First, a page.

Rachael Corrie for one, an American young lady died when an Israel soldier bulldozed her while she was trying to protect a family’s home in Gaza. Tom Hurndall, an Englishman was shot in the head by an Israel sniper and suffered irreversible brain damage; he died from his wounds a year later. Many Israeli activists volunteer to protect the Palestinian farmers against the Jewish violent settlers who attack and intimidate the farmers and set fire to their trees during the olive harvesting season. Small number of Israeli and American Jews and international supporters joined Nihlin villagers protesting the Israeli military bulldozers tearing up the land to make way for the apartheid wall. Palestinian cause needs the Israeli people to choose a government that promotes a just peace and the Palestinians need the sympathy and support of the world opinion. 

For the Palestinian national cause, Obama’s election will not lead to much change in the status quo if any. Supporting the extreme hard-line Israelis has become a structural strategy in the US and nothing can be done about it. Neither President-elect Obama nor McCain if he had won the elections can change it. That is why people like Ron Paul who opposed foreign aid to Israel or Congressman Denis Kucinich, a critic of US Middle East policy will never have a chance to be nominated by their parties to run for president.

Regarding the Palestinian issue, there are two obamas, the old and the candidate, separated by the moment when Obama decided to run for president. The old Obama had Palestinian friends and he sympathized with the Palestinians, but the candidate Obama sided with the hard-line APAC, denied he had Palestinian friends and blamed the persecution of the Palestinians on the victims themselves.

He supported Israel’s policy in the occupied land including the Gaza siege and starvation its people in defiance of international laws and moral rules as self-defense and he endorsed keeping Jerusalem united under Israeli rule. He never criticized the settlements, the apartheid wall, the roadblocks and checkpoints. Obama even justified the Israeli 2006 war against Lebanon and the massacres of Lebanese civilians as self-defense. John Mearsheimer and Stephen Walt wrote that Obama was “unequivocal in his praise for Israel and made it manifestly clear that he would do nothing to change the US-Israeli relationship”. After Obama’s speech to AIPAC convention, Haaretz wrote, “He sounded as strong as Clinton, as supportive as Bush, as friendly as Guiliani”. During his last visit to Israel, Obama spent two days meeting leaders of Israel’s major parties, spent only 45 minutes talking to the Palestinian Authority president Mahmoud Abbas with no news conference and refused to visit refugee camps. He expressed deep sympathy with the Israeli victims of the conflict and nothing for the Palestinians.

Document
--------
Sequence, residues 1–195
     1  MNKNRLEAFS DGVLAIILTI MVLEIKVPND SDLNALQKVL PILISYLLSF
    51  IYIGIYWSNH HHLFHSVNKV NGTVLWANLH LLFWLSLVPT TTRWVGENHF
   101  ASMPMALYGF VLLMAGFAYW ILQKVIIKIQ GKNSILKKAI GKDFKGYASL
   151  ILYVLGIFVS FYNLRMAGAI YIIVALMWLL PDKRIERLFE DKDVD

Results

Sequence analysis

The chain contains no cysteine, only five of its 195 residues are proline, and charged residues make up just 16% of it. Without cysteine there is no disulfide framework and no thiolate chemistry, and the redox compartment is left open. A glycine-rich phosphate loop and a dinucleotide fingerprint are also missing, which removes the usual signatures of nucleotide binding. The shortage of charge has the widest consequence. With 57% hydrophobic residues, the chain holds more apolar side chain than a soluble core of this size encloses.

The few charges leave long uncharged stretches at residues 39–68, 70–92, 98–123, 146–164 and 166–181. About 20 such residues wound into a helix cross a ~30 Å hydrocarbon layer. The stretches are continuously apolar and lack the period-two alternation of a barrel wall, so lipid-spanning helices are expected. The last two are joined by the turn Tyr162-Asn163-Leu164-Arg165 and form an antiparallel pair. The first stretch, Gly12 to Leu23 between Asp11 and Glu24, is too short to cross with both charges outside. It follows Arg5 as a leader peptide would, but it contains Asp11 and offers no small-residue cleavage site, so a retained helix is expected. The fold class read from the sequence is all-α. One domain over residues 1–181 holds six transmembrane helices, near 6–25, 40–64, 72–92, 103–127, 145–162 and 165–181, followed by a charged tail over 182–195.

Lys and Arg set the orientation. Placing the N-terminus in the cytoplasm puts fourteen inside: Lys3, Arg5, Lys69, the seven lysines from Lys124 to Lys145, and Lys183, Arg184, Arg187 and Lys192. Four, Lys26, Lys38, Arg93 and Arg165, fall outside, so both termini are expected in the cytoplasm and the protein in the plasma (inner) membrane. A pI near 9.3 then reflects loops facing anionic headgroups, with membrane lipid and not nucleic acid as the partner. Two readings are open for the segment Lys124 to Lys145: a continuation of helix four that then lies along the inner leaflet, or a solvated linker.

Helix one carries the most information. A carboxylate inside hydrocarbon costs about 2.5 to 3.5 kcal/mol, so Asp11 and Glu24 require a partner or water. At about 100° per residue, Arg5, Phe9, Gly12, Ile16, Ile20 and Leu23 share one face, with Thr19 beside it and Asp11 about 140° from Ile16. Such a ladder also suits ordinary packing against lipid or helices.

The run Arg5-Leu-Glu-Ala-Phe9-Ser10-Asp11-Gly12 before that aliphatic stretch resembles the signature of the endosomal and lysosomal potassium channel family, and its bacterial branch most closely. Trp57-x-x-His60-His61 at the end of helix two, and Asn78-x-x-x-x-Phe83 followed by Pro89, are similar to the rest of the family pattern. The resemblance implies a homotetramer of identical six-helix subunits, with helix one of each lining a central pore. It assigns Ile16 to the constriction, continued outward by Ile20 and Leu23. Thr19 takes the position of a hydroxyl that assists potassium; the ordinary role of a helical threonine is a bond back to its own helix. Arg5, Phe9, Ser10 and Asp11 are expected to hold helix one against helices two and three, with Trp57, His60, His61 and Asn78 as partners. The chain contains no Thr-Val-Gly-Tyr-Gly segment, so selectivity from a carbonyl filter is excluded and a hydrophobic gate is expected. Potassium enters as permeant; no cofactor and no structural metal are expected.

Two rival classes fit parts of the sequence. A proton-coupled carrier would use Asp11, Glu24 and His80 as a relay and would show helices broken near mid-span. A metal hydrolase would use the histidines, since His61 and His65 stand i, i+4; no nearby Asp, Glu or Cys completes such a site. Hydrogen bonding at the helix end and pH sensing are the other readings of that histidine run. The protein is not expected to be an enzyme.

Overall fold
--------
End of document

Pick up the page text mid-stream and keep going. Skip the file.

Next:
The Palestinians must stop counting on the US government to help them achieve their national goals! Because the US will never side with the Palestinians, they should put an end to the myth that there will be no chance for a peaceful resolution unless the US government intervenes. The Palestinians should find another path to a just peace without the involvement of the US government. They should focus on dealing with the Israeli people directly especially the peace camp. The Palestinians have the power to influence the Israeli politics in favor of just peace if they do the right things to encourage the Israeli people to vote for the pro-peace parties rather than the right wing parties and ultra-Orthodox factions. There are many Israeli organizations and individuals who are against settlements and land grabbing. The Palestinians need the Israeli people to choose a government that promotes a just peace and they need the sympathy of the world public opinion.

The Palestinians do not cast votes in the Israeli elections. But they have power to create strong pro-peace parties in Israel if they publicly relinquish the armed resistance and adopt a strategy of peaceful protest and civil disobedience in the occupied West Bank, Gaza and Jerusalem similar to South African struggle against apartheid and the Civil Rights movement in the US. Unfortunately, this is not an easy task because many Palestinians have lost patience and faith in their leaders and the endless negotiations.

Palestinian, Israeli and international human rights and NGO activists and intellectuals should promote the Palestinian’s civil rights, renounce violence and fight against occupation with peaceful means. Civil society institutions have better chance for mediating between the two peoples. They are insulated from dependence on politicians and less yielding to coercion by extremists. Real peace and genuine reconciliation benefits the Israelis as much as the Palestinians, but peace can be achieved only if Israel ends the occupation.

-Born in Nablus, Palestine, Hasan Afif El-Hasan, Ph.D, is a political analyst. He contributed this article to